Fundacio Joan Miro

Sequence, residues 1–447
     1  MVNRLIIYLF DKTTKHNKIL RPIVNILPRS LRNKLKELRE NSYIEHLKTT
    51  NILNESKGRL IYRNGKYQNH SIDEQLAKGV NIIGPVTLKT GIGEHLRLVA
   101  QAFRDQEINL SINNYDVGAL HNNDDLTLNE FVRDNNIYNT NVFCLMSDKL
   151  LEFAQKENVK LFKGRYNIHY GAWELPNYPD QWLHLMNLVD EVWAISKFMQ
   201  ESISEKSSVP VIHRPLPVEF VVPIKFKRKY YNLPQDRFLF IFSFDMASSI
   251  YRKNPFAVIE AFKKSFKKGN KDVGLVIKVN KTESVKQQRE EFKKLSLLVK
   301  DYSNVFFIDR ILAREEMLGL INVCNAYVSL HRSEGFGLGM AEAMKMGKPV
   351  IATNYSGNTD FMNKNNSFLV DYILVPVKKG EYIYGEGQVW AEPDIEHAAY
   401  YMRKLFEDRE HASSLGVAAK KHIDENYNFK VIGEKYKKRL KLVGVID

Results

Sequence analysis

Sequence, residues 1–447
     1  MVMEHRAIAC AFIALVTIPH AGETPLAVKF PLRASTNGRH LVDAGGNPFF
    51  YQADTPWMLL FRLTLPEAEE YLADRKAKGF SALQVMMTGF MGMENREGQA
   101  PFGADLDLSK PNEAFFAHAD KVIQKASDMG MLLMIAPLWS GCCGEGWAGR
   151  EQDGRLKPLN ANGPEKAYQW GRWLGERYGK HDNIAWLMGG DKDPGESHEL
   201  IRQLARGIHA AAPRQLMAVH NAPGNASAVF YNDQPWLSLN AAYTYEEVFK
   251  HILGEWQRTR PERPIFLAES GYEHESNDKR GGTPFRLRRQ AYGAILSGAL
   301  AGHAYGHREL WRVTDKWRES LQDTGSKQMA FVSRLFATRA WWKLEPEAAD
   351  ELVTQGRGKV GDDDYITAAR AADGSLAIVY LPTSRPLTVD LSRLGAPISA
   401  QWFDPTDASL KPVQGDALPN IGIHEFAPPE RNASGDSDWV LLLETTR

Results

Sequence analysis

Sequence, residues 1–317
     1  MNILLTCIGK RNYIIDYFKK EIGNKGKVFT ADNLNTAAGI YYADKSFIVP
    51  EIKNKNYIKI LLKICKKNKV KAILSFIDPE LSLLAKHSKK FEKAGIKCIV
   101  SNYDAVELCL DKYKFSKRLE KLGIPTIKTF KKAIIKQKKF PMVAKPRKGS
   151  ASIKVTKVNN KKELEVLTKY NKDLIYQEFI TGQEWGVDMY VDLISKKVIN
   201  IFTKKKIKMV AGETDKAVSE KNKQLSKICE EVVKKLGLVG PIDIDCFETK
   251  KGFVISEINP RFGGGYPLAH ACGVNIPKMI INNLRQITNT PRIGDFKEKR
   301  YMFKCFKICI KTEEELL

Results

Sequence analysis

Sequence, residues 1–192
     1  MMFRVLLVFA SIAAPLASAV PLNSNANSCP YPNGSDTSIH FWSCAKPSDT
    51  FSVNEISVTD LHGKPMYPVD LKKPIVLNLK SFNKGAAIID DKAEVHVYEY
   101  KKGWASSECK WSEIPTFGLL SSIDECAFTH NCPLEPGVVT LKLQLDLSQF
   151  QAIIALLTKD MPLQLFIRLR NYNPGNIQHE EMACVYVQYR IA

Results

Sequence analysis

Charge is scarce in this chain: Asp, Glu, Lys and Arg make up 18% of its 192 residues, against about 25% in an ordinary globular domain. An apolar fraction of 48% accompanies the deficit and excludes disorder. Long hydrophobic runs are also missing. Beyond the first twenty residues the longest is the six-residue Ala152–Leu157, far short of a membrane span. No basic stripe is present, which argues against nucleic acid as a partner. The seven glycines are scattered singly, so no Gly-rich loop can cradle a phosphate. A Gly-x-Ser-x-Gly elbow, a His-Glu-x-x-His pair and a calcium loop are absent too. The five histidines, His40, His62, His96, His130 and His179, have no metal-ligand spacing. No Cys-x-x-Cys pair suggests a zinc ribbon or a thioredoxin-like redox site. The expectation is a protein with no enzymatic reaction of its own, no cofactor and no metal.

High in the hills of Parc de Montjuic lies Joan Miro's private museum, a tribute to the Barcelona-based contemporary artist. The works are on display in a white structure built by Josep Lluis Sert, Spanish architect and city planner. (It has been declared a Site of Cultural Interest, and tours focused the building are offered.) Miro's major works fill the rooms; it's a deeply personal collection with many of the pieces donated by Miro. The museum houses a vast collection of the surrealist artist's work with 8,000 drawings, 217 paintings, 178 sculptures, nine textiles, four ceramics and almost all of Miro's prints. An excursion to the Fundacio makes for a scenic day trip. Parc de Montjuic provides a picturesque overlook of the city; it was the site of the 1929 World Expo and 1992 Olympics, which shaped the city into its modern form. Nearby are botanical gardens, the Olympic Museum and the Caixaforum, a cultural center hosting notable temporary exhibitions.